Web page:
Executive Intelligence Review


NATO Defense Ministers Discuss Adapting ‘to a World with More Russian Missiles’

Feb. 13, 2019 (EIRNS)—NATO’s defense ministers convened in Brussels this morning, the first such meeting since the U.S. Trump Administration announced it would be leaving the Intermediate-Range Nuclear Forces (INF) Treaty within six months, if Russia doesn’t destroy its 9M729 missile and associated systems. NATO Secretary General Jens Stoltenberg presented an aggressive posture in response to Russia’s alleged violation, telling reporters during a press conference yesterday that it’s up to Russia to return to compliance with the treaty.

“At the same time, we are planning for a world without the INF Treaty,” he said. At the meeting, “we will discuss what steps NATO should take to adapt to a world with more Russian missiles.” He wouldn’t say what steps NATO would take, but, “Any steps we take will be coordinated, measured, and defensive, and we do not intend to deploy new ground-based nuclear missiles in Europe” aimed at Russia.

Stoltenberg also said that he expects that the INF Treaty will be a major topic at the Munich Security Conference, which runs Feb. 15-17, “because all NATO Allies are concerned about the fact that we now see that this cornerstone for European security is really in jeopardy.”

Stoltenberg also dismissed Russian concerns about the Mk-41 launchers in Poland and Romania, claiming that they’re nothing more than distraction from Russia’s (alleged) violation of the treaty.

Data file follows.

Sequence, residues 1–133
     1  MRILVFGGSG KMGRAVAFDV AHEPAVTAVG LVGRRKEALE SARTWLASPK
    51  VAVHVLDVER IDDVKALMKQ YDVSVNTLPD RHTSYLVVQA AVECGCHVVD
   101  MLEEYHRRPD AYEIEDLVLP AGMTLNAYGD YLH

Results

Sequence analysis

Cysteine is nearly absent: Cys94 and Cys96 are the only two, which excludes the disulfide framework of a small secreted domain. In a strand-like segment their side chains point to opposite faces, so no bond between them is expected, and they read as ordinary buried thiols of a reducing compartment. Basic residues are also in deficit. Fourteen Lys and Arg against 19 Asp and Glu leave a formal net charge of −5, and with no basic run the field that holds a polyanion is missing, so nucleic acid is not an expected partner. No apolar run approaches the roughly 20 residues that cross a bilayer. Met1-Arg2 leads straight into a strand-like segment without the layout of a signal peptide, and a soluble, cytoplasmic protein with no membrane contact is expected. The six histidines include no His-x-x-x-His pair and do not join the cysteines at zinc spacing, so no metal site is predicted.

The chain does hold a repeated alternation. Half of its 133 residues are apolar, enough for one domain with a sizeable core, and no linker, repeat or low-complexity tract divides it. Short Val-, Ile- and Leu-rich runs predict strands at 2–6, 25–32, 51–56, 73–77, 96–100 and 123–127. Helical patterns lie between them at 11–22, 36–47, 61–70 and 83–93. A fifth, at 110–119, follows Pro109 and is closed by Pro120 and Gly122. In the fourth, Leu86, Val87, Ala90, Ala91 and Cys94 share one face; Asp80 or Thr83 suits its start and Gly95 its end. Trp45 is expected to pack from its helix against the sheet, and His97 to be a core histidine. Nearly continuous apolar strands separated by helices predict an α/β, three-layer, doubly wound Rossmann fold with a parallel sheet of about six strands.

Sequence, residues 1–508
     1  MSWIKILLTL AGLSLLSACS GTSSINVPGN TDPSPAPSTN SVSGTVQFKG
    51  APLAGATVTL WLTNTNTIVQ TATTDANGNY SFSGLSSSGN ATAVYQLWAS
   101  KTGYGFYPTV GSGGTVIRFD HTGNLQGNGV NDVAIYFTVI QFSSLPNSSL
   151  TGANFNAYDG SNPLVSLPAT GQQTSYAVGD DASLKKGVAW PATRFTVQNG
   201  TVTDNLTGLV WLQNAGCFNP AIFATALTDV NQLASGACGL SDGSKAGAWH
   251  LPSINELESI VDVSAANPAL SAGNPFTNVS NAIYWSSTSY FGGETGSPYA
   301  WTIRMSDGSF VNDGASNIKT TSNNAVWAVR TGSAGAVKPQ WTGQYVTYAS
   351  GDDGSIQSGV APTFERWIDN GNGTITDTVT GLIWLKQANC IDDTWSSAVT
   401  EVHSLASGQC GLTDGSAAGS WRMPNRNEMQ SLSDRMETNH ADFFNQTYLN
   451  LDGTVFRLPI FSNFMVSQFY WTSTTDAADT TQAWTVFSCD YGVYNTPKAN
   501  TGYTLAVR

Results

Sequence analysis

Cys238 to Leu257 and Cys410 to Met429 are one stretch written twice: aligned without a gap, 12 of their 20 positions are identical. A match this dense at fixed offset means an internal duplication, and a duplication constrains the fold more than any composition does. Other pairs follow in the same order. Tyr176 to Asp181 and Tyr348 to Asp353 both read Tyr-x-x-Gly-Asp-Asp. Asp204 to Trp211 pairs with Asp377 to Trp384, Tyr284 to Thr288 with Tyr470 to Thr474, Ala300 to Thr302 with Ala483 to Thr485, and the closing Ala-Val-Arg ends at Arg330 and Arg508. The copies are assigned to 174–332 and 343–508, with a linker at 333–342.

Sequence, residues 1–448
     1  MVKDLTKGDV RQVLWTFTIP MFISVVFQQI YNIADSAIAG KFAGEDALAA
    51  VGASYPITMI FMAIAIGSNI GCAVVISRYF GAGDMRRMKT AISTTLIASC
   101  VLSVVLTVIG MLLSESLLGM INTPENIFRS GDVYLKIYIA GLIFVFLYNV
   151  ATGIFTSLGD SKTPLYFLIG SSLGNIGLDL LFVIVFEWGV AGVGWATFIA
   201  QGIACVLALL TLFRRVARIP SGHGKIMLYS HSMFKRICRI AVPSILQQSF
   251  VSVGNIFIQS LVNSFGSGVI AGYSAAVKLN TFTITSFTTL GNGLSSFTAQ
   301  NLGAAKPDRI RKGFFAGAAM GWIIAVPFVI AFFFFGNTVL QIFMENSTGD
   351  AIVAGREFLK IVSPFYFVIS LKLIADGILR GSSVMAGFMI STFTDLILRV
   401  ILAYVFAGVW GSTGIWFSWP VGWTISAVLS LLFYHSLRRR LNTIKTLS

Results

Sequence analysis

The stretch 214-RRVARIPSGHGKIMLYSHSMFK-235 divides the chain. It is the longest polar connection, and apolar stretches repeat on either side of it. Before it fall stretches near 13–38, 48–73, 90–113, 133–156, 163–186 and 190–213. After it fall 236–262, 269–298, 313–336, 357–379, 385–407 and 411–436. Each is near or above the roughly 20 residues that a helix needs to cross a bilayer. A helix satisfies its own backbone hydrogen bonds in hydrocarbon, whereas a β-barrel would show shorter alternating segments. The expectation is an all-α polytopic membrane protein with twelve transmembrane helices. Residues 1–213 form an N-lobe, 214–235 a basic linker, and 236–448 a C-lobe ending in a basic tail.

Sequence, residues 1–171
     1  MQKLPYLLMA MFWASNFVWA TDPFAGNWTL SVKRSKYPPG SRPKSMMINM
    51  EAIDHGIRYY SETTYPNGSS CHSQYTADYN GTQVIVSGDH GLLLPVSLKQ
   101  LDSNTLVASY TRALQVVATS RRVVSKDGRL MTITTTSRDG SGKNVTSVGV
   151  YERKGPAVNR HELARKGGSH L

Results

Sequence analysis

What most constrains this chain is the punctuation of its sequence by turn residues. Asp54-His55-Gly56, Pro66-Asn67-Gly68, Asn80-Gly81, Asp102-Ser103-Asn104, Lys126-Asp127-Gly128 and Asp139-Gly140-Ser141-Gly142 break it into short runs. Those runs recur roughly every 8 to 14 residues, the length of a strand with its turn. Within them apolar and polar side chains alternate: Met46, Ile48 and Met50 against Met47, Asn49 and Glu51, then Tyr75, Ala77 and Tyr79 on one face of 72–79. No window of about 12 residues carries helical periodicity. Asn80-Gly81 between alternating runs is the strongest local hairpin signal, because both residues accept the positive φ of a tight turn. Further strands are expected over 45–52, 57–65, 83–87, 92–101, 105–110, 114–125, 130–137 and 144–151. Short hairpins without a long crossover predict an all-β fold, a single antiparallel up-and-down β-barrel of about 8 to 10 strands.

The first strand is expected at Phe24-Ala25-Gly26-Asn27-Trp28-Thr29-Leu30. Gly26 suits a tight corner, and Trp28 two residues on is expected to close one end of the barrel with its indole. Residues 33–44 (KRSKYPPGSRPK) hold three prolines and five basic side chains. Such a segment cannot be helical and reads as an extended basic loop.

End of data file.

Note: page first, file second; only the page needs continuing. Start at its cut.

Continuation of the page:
“The Russian efforts to try to focus on the NATO Missile Defense System is the only way to try to distract attention from the real issue. And the real issue is that Russia is deploying new nuclear-capable missiles in Europe,”

he said.

“So, when Russia starts to speak about something else, it’s only a way to try to avoid attention on what’s the problem. There are no new U.S. missiles in Europe; but there are more and more new Russian missiles in Europe—nuclear-capable.”

He said that there are no missiles at the BMD sites, only interceptors, and that the agreement with NATO prevents offensive missiles from being installed. “So, that’s totally mixing two totally different things, in just an attempt to try to distract attention from the real problem,” he said. “The real problem is the new Russian missiles.”